Kam later compared the accuracy rates of 105 professional document examiners, eight document examiner trainees, and 41 laymen in determining the authorship of a particular writing.13 The professional examiners incorrectly matched unknown writings with the wrong writer 6.5 percent of the time, while the lay persons' corresponding error rate was 38.3 percent.14 Kam published a fourth study in 2001, comparing the error rates of professional document examiners and laymen who examined six known signatures generated by the same person and compared them with six unknown signatures to determine if they could declare a match. Once again, Kam found that professional document examiners had “much smaller” error rates than laymen. Non-genuine signatures were erroneously identified as genuine 0.49 percent of the time by document examiners, compared to 6.47 percent of the time by laymen, while authentic signatures were erroneously declared to be non-genuine 7.05 percent of the time by the document examiners and 26.1 percent of the time by laymen.15
Beyond such performance studies,16 the government presented the testimony of, and recent studies authored by, Dr. Sargur N. Srihari, a professor of computer science and energy at the State University of New York, and director of the Center of Excellence for Document Analysis and Recognition. Testifying as an expert in the field of pattern recognition and computational forensics related to handwriting recognition, he explained the method and results of studies he had conducted to examine whether “each individual has consistent handwriting that is distinct from the handwriting of another individual.” 17 Srihari collected three handwritten samples of the same letter prepared by each of 1500 people representative of the U.S. population in gender, age and ethnicity. The samples were all scanned into a computer (yielding a digitalized image), and the computer was programmed to extract certain individual handwriting features from each, ranging from the “global level of the document” to the paragraph, word, and character levels. Whereas forensic document examiners have compiled some twenty-one discriminating elements of handwriting,18 Dr. Srihari was able to program the computer to recognize just “a small subset of the features that document examiners would use” to compare a known writing with a questioned one. Some of the collected samples were used to teach the computer (“using a machine-learning approach”) to recognize an individual writer's characteristics; others were used to determine if the computer, by comparison with other samples, could recognize and accurately identify those individual writers. “Based on a few macro-features ․ and micro-features at the character level from a few characters,” the computer was able to identify individual writers with 96 to 98 percent accuracy.19 Dr. Srihari concluded that, “[t]aking an approach that the results are statistically inferable over the entire population of the U.S., we were able to validate handwriting individuality with a 95% confidence.” He anticipated that, once programmers can teach the computer to recognize additional “finer features” of handwriting now discernible only by “the human analyst,” the computer's accuracy level could be expected to reach 100 percent.20 On cross-examination, Dr. Srihari conceded that in the current “state of ․ computer program[ming]” and given that his studies “do [show] an error rate,” computer scientists could not say that “a person's handwriting is absolutely unique.”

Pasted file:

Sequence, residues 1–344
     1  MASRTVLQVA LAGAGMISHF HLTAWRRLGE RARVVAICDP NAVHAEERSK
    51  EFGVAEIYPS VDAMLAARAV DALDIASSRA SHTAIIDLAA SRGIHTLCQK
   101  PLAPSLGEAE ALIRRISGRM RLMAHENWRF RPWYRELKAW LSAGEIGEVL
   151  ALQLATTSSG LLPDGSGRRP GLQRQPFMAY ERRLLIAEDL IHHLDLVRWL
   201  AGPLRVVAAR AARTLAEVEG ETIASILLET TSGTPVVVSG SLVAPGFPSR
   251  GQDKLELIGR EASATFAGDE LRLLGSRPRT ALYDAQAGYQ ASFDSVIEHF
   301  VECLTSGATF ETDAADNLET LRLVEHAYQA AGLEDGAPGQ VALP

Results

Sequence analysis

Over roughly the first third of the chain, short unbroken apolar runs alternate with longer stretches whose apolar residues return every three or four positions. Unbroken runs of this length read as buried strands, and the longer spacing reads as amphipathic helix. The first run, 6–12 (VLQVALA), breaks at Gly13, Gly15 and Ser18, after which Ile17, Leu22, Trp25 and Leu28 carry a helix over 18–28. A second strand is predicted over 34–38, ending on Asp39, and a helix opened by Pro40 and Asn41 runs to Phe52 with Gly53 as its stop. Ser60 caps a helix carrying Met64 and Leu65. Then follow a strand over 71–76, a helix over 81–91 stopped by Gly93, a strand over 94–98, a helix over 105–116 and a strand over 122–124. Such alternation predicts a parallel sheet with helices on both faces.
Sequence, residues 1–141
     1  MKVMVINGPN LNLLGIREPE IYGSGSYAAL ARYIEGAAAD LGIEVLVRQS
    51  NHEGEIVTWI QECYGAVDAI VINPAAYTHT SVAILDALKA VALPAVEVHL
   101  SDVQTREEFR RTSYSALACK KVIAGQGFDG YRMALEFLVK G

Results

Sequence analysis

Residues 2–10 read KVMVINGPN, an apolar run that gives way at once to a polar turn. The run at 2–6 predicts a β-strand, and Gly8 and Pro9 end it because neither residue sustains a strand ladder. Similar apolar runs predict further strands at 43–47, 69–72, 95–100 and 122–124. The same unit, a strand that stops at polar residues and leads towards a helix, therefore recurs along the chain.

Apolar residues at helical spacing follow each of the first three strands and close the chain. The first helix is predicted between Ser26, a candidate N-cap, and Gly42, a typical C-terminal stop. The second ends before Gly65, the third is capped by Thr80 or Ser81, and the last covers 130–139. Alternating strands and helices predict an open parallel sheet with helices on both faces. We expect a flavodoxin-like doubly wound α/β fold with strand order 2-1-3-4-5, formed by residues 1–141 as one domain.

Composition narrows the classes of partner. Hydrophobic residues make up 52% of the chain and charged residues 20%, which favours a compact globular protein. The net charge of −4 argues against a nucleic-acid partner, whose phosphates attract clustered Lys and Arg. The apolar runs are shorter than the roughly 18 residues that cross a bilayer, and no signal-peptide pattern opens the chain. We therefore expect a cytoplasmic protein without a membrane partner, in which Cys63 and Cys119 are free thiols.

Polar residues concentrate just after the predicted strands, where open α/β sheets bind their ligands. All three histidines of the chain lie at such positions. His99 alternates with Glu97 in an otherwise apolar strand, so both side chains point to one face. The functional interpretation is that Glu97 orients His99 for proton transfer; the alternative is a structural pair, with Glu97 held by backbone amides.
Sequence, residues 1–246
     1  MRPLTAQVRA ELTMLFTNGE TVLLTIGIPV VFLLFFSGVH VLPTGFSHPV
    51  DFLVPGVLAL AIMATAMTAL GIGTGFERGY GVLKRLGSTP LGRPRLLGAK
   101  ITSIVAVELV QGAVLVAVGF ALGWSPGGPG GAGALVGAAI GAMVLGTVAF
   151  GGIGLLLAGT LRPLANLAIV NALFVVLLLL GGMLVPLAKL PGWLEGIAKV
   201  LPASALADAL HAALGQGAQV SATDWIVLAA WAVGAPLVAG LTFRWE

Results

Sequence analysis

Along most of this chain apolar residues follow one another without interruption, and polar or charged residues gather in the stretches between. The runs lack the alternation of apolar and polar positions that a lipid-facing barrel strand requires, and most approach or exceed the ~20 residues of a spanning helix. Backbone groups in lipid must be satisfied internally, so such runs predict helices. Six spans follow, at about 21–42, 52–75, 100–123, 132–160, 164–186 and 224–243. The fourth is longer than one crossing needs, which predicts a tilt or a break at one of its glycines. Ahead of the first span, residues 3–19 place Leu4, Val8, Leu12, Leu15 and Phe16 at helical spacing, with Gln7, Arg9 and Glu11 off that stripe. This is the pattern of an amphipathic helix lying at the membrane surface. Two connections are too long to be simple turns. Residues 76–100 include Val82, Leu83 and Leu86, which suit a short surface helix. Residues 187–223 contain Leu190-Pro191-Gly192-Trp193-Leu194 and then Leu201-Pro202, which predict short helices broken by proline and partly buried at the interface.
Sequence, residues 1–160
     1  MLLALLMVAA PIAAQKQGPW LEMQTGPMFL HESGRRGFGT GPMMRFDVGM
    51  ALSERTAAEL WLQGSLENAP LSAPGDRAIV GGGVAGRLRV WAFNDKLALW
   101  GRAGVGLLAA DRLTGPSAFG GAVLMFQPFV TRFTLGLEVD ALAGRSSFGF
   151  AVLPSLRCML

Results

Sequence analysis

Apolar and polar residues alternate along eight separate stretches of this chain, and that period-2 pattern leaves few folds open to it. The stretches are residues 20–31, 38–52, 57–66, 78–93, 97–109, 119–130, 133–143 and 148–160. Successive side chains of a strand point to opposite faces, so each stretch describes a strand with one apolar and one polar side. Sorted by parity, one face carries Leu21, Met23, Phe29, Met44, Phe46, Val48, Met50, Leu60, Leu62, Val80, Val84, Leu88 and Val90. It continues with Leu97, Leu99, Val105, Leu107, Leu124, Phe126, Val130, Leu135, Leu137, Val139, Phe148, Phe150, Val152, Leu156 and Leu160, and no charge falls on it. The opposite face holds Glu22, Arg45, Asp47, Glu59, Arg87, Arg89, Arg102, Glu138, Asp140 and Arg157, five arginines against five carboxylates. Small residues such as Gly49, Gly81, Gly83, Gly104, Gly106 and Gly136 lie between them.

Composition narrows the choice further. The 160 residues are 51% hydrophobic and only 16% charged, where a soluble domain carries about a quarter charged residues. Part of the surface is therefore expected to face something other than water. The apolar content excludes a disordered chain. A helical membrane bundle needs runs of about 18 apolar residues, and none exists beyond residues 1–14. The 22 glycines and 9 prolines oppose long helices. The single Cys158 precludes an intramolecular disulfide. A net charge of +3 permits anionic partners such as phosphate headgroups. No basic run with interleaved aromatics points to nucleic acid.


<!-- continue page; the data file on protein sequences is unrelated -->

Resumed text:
The defense's lone witness at the Frye hearing was Mark Denbeaux, an evidence professor at Seton Hall University Law School, whom the trial judge let testify as “an expert on the general acceptance of forensic document examination in the relevant scientific fields,” while commenting that this was “not dissimilar from qualifying [Denbeaux] as an expert on a legal question.” 21 Professor Denbeaux's expertise had been acquired from (1) reading forensic document publications, (2) interviewing document examiners and studying their reports, (3) visiting forensic document laboratories, and (4) reading transcripts of document examiners' testimony.22 He “testif[ies] generally” and, “as ․ some courts have said, as a critic” who is “committed to the proposition that there is no expertise” involved when forensic document examiners make handwriting identifications.
In 1989, Professor Denbeaux had co-authored a law review article urging courts to “cease to admit” expert testimony on handwriting comparison, primarily because proficiency tests conducted by the Forensic Science Foundation (FSF) in the 1970s and 1980s showed that document examiners were wrong at least 43 percent of the time.23 But in a footnote the article acknowledged that the FSF's Proficiency Advisory Committee had since “disavow[ed] these tests,” deeming them “not representative of the level of performance of any of the fields being tested.” In any event, Denbeaux admitted that since 1989 more testing had been done on handwriting identification and that he had been “persuaded by some of it,” noting that, according to the Kam studies, document examiners avoid false positives more frequently than laymen.